“To me, it is already worth it, even if there are no real weapons,” said Mr. Watts.
ZeroEyes technology has limited uses. ZeroEyes chief executive Mike Lahife said the aim is to detect visible guns as they are being branded – not holsters or hidden under coats.
Other districts have run into problems with new safety equipment.
In 2019, the Charlotte-Mecklenburg School, one of the largest US school districts with more than 140,000 students, introduced an emergency alert system. It comes from Centegix, an Atlanta-based company that promised that its wearable panic badges would provide all school employees with “a quick way to notify appropriate personnel and authorities” of emergencies or other incidents.
The district spent more than $1.1 million on this system. But it later sued Sentegix to recover the money after The Charlotte Observer investigated detailed defects in the badge service.
According to legal documents filed in the case, badges “repeatedly failed to notify personnel”, sent incorrect critical warning messages and caused “significant delays in critical safety information”, among other problems, according to legal documents filed in the case. The district settled with Centegix for $475,000.
Mary Ford, chief marketing officer for Sentegix, said Charlotte Schools was pilot testing the alert system and that the company addressed the issues that arose. The company has delivered more than 100,000 alerts, she said, and worked with nearly 200 school districts, retaining 99 percent of those customers, with Charlotte-Mecklenburg being the exception.
This spring, following an increase in the number of guns confiscated from students, Charlotte-Mecklenburg schools introduced a different security system: walk-through weapons scanners that cost as much as $5 million for 52 scanners in 21 high schools.
These scanners come from Evolve Technology, a Massachusetts-based start-up that said it used machine learning to train its system to recognize magnetic fields around guns and other hidden weapons. “No withholding required,” the company’s website says, “no empty pockets or bags to take out.”
But common student items regularly set off Evolve scanners, among them laptops, umbrellas, three-ring binders, spiral-bound notebooks, and metal water bottles.
In a how-to video about the scanner posted to YouTube in April, Matthew Garcia, the dean of students at Charlotte-Mecklenburg’s Butler High School, recommended that students remove those items from their bags and carry them. Mr. Garcia then showed students how to avoid triggering the system – by walking through an Evolve scanner in the school lobby while holding a laptop with his arms above his head.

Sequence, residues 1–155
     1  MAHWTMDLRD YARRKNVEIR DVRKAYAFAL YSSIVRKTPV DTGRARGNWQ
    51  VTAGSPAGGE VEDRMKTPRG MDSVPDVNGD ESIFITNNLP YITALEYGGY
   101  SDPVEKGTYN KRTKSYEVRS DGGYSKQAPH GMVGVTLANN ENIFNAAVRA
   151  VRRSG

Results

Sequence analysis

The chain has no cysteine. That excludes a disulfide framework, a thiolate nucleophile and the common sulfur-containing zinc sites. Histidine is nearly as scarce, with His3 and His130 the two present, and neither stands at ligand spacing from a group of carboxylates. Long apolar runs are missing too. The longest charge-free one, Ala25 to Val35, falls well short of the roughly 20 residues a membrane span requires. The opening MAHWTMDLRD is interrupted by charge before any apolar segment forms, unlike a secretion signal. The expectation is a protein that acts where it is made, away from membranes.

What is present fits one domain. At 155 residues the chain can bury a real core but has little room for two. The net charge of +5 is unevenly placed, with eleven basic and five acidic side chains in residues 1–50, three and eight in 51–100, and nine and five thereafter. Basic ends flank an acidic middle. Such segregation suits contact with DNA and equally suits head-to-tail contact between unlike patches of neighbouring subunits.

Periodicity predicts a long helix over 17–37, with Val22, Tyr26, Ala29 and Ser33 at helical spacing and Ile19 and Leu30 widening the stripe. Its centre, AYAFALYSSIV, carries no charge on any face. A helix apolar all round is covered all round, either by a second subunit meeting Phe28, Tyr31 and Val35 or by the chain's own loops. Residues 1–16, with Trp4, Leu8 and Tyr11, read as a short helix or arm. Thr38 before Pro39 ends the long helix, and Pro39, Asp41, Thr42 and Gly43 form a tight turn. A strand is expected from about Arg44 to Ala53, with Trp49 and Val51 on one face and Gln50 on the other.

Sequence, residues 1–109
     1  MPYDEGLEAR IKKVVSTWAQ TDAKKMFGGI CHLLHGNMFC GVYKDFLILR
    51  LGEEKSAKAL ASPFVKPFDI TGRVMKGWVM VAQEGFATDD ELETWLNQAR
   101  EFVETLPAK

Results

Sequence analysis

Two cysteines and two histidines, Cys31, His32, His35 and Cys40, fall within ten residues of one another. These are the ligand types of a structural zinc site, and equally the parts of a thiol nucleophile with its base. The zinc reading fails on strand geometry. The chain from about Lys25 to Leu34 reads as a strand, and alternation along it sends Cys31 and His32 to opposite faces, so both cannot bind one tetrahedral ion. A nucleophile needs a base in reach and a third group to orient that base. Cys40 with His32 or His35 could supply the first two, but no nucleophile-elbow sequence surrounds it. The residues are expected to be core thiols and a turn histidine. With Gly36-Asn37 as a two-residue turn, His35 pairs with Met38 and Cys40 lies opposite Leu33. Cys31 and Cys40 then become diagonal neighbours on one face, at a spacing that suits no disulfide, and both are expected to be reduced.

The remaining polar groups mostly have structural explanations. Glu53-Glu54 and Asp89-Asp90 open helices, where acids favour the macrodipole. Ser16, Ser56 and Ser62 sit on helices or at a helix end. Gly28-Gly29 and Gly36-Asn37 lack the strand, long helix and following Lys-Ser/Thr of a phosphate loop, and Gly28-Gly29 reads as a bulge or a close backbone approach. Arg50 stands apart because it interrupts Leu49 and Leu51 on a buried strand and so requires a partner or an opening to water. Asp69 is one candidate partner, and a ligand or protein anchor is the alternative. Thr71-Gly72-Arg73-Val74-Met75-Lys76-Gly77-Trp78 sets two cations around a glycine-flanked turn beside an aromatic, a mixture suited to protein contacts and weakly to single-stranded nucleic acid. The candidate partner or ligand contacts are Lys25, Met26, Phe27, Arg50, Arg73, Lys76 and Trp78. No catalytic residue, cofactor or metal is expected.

Brian Schultz, chief operating officer for Charlotte-Mecklenburg Schools, said the scanners were more accurate, and much faster, to use in large high schools than traditional metal detectors. He said requiring students to remove items from their bags was a “short-term inconvenience” to improve school safety.
“There’s never going to be a perfect solution.” Mr Schultz said, the district took a “layered” approach to security that included cameras, security officers and a growing number of school-based mental health workers.
Mike Ellenbogen, Evolve’s chief innovation officer, said the company is working with school districts to make scanning systems more efficient.
Cobb County was the first school district in Georgia to use AlertPoint, an emergency information system developed by a local start-up. District officials said AlertPoint’s wearable panic badges will help school staff immediately call for a lockdown or call for help in an emergency.
Then, in February 2021, the AlertPoint system sent out false alarms across the district, leading to a lockdown of all Cobb County schools. District officials had initially said that the alertpoint had deteriorated. A few weeks later, he announced that the hackers had intentionally set off false alerts.
At a school board meeting this month, district superintendent Chris Ragsdale said the system was working until the cyberattack.
But Heather Tolly-Bauer, Reed’s mother and co-founder of a local monitoring group that tracks school spending, said she blamed district leaders for implementing the unproven technology.
Cobb County School District did not respond to specific questions about its safety measures. In a statement, district spokesman Nan Kiel said, “To keep our students and staff safe, we keep operational details about our schools private.” (According to The Marietta Daily Journal, the school district is the subject of a grand jury investigation into some previous purchases, including millions of dollars spent on UV lights aimed at cleaning classrooms during the pandemic.)
This month, Cobb County Schools announced that they were installing new distress alert technology from Sentigix, the company whose alert badges messed up Charlotte-Mecklenburg schools. Another large school district, Palm Beach, Fla., also announced a deal with the company.